Whereas, during the first 6 months of fiscal year 2019, the United States welcomed 12,155 refugees into the country, which is fewer than 50 percent of the administration’s refugee admissions goal of 30,000 refugees;

    Whereas, at this pace, the United States may not meet its fiscal year 2019 refugee admissions goal;

    Whereas refugees are the most vetted traveler to enter the United States and are subject to extensive screening checks, including in person interviews, biometric data checks, and multiple interagency checks;

    Whereas refugees are major contributors to local economies, pay an average of $21,000 more in taxes than they receive in benefits, and revitalize cities and towns by offsetting population decline and boosting economic growth throughout the country by opening businesses, paying taxes, and buying homes; and

    Whereas several industries rely heavily on refugee workers to support their economic stability, and low rates of arrivals of refugees, especially in towns that rely on refugee populations to revitalize their industries, has had serious impacts on economic growth: Now, therefore, be it

Resolved, That the Senate—

(1) reaffirms the bipartisan commitment of the United States to promote the safety, health, and well-being of the millions of refugees, including the education of refugee children and displaced persons who flee war, persecution, or torture in search of peace, hope, and freedom;

(2) recognizes those individuals who have risked their lives working individually and for nongovernmental organizations and international agencies, such as UNHCR, to provide life-saving assistance and protection for people displaced by conflicts around the world;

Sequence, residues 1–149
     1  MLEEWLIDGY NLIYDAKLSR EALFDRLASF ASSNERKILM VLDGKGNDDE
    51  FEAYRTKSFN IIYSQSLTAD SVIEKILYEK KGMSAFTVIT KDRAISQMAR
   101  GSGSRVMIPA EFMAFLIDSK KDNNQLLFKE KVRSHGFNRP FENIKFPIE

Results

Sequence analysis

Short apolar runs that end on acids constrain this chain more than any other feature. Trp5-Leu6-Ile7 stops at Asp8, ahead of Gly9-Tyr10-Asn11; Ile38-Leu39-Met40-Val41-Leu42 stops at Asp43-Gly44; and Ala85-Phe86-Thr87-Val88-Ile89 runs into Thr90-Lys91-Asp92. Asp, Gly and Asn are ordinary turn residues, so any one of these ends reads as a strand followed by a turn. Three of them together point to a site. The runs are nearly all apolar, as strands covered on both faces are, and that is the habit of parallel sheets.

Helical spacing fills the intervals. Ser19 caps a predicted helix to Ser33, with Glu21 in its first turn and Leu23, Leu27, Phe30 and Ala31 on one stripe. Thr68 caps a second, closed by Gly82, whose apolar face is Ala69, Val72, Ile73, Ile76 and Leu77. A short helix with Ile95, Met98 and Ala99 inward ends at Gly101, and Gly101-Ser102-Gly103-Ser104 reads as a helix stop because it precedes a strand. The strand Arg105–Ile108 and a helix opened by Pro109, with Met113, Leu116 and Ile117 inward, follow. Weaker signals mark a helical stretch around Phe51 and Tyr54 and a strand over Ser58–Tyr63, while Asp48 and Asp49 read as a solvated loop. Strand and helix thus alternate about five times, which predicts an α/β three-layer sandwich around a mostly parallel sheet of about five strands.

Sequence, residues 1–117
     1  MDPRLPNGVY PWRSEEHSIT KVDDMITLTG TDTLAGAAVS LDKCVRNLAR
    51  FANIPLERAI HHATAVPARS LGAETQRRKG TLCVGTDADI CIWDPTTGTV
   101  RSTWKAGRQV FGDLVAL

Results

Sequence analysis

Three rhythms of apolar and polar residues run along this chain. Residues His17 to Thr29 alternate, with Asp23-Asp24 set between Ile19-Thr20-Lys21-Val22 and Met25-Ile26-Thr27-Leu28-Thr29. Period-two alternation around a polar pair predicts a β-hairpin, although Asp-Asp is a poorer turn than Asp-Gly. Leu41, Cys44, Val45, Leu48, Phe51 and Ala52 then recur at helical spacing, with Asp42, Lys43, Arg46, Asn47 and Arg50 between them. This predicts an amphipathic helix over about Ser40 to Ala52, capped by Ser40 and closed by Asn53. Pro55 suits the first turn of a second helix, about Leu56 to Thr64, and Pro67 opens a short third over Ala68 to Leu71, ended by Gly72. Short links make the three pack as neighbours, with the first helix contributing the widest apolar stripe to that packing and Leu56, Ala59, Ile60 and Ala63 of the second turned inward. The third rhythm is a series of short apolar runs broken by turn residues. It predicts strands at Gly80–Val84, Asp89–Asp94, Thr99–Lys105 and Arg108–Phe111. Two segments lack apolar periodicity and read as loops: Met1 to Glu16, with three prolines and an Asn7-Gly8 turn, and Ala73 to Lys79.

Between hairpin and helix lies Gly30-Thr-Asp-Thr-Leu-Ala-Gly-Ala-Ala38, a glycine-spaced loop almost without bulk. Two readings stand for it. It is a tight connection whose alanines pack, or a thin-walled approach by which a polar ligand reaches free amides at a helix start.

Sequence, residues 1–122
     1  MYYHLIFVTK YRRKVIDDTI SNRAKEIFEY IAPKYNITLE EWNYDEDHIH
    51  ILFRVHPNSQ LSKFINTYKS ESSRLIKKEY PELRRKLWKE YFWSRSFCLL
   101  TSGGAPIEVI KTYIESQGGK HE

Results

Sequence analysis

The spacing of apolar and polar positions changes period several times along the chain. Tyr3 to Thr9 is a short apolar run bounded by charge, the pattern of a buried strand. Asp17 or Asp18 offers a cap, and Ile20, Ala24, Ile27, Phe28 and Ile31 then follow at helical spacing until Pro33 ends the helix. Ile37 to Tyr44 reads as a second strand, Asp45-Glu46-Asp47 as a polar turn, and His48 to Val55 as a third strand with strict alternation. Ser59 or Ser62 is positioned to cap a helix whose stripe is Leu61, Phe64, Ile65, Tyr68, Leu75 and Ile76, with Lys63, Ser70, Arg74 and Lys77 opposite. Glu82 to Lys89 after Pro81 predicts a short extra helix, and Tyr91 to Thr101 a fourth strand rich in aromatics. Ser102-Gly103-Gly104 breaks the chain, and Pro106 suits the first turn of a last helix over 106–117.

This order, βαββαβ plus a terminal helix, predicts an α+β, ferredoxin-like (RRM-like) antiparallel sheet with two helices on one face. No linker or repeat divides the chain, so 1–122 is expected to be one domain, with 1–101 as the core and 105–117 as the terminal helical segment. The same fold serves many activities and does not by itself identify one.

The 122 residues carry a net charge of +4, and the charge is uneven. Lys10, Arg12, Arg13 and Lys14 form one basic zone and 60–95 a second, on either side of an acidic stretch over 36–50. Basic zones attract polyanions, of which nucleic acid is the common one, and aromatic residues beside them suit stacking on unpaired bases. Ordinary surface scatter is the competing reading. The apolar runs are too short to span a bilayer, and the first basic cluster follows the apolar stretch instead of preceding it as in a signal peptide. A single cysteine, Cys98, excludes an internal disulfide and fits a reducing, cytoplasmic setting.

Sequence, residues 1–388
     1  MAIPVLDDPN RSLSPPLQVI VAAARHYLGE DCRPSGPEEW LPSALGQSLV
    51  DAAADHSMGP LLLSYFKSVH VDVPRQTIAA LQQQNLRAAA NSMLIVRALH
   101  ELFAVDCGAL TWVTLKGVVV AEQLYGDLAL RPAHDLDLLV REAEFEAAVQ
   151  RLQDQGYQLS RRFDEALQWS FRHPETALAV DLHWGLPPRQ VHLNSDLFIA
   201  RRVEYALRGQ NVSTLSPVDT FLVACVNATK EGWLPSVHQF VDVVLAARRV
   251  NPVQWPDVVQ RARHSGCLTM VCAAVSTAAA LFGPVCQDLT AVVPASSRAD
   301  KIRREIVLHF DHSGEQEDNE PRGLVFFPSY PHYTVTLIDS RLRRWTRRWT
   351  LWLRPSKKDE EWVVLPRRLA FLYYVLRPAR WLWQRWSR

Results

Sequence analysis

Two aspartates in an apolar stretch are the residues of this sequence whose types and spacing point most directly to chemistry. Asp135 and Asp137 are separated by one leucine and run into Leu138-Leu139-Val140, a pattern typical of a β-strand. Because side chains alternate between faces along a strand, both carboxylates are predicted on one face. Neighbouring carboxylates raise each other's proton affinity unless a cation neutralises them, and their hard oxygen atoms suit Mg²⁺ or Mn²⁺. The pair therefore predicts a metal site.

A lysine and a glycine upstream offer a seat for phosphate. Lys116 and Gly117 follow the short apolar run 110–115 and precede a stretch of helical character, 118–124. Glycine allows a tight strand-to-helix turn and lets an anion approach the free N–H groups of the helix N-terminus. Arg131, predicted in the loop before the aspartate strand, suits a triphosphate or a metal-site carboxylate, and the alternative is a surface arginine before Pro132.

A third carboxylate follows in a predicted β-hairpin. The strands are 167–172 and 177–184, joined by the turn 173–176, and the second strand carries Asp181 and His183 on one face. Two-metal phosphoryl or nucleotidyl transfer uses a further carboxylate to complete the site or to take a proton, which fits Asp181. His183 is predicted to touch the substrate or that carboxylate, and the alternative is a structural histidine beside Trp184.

(3) underscores the importance of the United States refugee resettlement program as a critical tool for United States global leadership—

(A) to leverage foreign policy;

(B) to strengthen national and regional security; and

(C) to demonstrate international support of refugees;

(4) calls upon the United States Government—

(A) to continue providing robust funding for refugee protection overseas and resettlement in the United States;

(B) to uphold its international leadership role in responding to displacement crises with humanitarian assistance and protection of the most vulnerable populations;

(C) to work in partnership with the international community to find solutions to existing conflicts and prevent new conflicts from beginning;

(D) to alleviate the burden placed on frontline refugee host countries, such as the Hashemite Kingdom of Jordan, the People’s Republic of Bangladesh, and the Federal Democratic Republic of Ethiopia, that absorb the majority of the world’s refugees through humanitarian and development support;

(E) to meet the challenges of the worst refugee crisis in recorded history by increasing the number of refugees welcomed to and resettled in the United States to not fewer than 30,000 refugees during fiscal year 2019 and not fewer than 95,000 refugees during fiscal year 2020; and

(F) to reaffirm its long-standing tradition of resettling the most vulnerable refugees, regardless of their country of origin or religious beliefs; and

(5) reaffirms the goals of World Refugee Day and reiterates the strong commitment to protect the millions of refugees who live without material, social, or legal protections.